Insurers’ IT budgets are not as aggressive in 2017 compared to previous years, as carriers complete core systems projects and tech funding trickles towards other business units keen on insurtech investment.
That’s according to a new study from Strategy Meets Action, “2017 Insurance Technology Priorities and Spending,” which surveyed 87 executives from across the industry.
In its report, SMA labels 2017 a year of transition, with carriers solidifying previous improvements made in core, online portals, and underwriting. Mid-level insurers’ recent involvement in innovation adds to the transitional feel of the period, according to SMA partner Mark Breading. Though, many are still in the strategy phase.
“There is lots of strategic work going on due to executive insurtech initiatives,” says Breading, one of the study’s authors. “Insurers are optimizing prior gains and setting the stage for the next wave [of innovation].”
Insurance IT budgets are projected to increase by an average of 2.7% this year. That’s a drop from the 4.3% increase in 2016, according to SMA. A majority of P&C carriers plan on either replacing or enhancing predictive analytics and big data tools while L&A insurers prioritize modernizing web platforms above all else.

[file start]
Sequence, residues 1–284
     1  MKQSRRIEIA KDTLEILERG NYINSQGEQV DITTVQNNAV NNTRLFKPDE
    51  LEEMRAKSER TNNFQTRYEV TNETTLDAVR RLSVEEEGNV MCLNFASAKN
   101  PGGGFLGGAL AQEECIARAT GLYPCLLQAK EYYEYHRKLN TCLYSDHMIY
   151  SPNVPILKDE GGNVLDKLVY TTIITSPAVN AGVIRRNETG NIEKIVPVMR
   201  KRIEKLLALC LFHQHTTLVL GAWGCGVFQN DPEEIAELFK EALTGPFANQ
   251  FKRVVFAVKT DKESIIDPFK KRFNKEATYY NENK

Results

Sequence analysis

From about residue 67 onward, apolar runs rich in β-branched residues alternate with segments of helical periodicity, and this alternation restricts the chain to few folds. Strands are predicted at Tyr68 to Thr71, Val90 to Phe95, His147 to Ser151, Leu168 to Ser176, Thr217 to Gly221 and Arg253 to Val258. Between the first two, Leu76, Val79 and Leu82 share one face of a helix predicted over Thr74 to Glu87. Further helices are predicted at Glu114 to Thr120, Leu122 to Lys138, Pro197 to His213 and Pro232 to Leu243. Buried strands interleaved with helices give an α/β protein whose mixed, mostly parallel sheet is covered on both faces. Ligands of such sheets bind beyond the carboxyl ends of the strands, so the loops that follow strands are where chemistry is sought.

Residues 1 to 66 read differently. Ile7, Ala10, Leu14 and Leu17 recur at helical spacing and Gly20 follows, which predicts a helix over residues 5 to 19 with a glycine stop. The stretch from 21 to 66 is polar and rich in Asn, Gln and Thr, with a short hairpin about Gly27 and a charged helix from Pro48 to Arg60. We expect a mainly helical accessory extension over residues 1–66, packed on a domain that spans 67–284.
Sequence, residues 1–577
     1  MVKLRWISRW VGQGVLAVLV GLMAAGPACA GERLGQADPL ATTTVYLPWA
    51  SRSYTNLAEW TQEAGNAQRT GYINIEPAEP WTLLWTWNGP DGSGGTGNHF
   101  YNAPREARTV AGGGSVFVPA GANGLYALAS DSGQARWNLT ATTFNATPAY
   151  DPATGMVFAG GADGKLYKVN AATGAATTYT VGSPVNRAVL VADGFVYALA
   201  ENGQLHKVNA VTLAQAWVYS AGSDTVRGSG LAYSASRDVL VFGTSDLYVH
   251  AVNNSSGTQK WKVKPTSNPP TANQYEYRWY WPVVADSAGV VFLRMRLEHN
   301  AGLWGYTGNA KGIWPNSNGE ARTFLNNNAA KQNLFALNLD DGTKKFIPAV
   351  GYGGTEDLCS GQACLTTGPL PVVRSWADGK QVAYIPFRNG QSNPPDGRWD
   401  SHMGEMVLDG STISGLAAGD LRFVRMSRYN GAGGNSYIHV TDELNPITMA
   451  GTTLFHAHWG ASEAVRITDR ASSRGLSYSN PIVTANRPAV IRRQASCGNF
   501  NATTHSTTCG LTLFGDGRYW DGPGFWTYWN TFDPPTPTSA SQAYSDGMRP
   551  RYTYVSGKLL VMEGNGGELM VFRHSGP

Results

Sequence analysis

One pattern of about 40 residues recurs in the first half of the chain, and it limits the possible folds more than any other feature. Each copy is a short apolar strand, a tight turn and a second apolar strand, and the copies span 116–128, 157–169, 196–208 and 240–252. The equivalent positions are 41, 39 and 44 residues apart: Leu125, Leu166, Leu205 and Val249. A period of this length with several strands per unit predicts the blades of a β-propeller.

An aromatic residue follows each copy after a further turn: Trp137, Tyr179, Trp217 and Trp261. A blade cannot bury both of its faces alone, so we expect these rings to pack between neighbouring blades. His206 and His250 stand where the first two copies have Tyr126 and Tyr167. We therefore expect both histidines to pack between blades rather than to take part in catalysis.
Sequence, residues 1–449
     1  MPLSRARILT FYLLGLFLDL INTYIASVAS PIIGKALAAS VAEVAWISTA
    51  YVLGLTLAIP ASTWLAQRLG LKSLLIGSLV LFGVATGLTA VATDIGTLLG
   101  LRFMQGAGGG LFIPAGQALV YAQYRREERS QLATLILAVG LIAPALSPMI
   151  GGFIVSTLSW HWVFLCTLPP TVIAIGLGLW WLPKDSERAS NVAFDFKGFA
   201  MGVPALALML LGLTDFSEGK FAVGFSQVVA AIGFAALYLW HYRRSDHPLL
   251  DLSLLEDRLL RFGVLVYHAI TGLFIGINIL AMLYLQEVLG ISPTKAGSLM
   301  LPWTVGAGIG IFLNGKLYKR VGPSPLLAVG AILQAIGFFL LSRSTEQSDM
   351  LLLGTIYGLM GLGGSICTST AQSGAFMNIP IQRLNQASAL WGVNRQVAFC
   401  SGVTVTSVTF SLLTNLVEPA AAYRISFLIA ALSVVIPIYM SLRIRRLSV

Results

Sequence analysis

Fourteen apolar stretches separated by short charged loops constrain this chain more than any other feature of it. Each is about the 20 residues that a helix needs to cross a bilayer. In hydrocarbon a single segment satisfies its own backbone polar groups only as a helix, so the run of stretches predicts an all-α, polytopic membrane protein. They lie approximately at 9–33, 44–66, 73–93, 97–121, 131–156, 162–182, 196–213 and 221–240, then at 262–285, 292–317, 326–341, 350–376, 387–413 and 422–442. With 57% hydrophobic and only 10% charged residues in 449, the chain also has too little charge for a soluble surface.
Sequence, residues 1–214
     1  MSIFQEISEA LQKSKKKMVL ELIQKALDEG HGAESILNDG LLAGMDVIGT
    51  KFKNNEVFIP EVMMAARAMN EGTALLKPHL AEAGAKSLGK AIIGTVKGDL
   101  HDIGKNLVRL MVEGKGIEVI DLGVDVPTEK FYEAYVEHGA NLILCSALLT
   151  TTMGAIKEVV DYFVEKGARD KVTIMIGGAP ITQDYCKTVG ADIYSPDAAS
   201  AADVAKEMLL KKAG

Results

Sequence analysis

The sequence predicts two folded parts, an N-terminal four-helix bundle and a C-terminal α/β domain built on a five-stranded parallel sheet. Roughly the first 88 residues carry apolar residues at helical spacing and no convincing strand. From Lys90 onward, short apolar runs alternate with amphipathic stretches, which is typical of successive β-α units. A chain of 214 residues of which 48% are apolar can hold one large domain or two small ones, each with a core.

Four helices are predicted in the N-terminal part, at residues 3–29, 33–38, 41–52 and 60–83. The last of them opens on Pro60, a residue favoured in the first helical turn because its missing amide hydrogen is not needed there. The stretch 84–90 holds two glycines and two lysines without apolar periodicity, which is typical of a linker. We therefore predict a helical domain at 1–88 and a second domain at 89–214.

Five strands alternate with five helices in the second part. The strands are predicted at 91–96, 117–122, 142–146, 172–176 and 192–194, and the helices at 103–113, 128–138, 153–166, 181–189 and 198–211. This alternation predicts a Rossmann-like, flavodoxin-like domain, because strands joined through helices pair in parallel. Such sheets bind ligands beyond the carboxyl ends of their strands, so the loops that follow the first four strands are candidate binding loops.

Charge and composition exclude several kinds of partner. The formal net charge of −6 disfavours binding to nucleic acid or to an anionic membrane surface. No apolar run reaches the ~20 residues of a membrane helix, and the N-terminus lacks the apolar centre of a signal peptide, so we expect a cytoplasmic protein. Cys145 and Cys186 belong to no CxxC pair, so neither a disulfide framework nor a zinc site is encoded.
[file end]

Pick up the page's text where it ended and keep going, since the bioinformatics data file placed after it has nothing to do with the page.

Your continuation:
“If you look at tier-1 insurers, they have invested in innovation and have taken the lead the last few years,” he said. “Now what’s happening is mid-tier and smaller companies are moving in that direction as well.”
But not all of those smaller companies are created equal. There remains a financial gap between companies trying to transform and carriers that cannot that is defined by their sheer size more than anything, Breading says, calling it a recurring issue for the industry.
While the majority of insurance carriers (60%) will increase IT budgets this year, the overall 2.7% increase weighted industry average is heavily impacted by companies that won’t. And most of the 40% of insurers that will either decrease or keep budgets flat in 2017 are carriers with less than $250 million in premiums. The upshot is that these smaller firms cannot keep up with today’s current pace of innovation.
Tech’s changing face
Overall, Breading and SMA forecast that technology spending across the industry will increase at a healthy rate through 2020. But that may not be reflected in traditional IT budgets. Rather, spending on technology will be driven from the lines of business as much as from the technology department.
“Business strategies and tech strategy are becoming intertwined,” said Breading. “CIO’s are still going to have large budgets and manage infrastructure, but I expect there will be more and more tech projects that are directly driven by business units that coordinate with IT.”
Chief digital officers are now playing major roles in enterprise IT initiatives, Breading says. He also expects more top-tier and mid-level insurers to find ways to engage with the growing number of insurtech firms as the year progresses, though that isn’t limited to investments. With smaller insurers not likely to be in a position to invest in insurtech until 2018, partnerships and other such alliances are a likely path as the impetus to “go digital” gains steam.
Breading’s co-authors are fellow SMA partner, Karen Furtado; Karen Pauli, SMA principal, and Deb Smallwood, the consulting firm’s founder.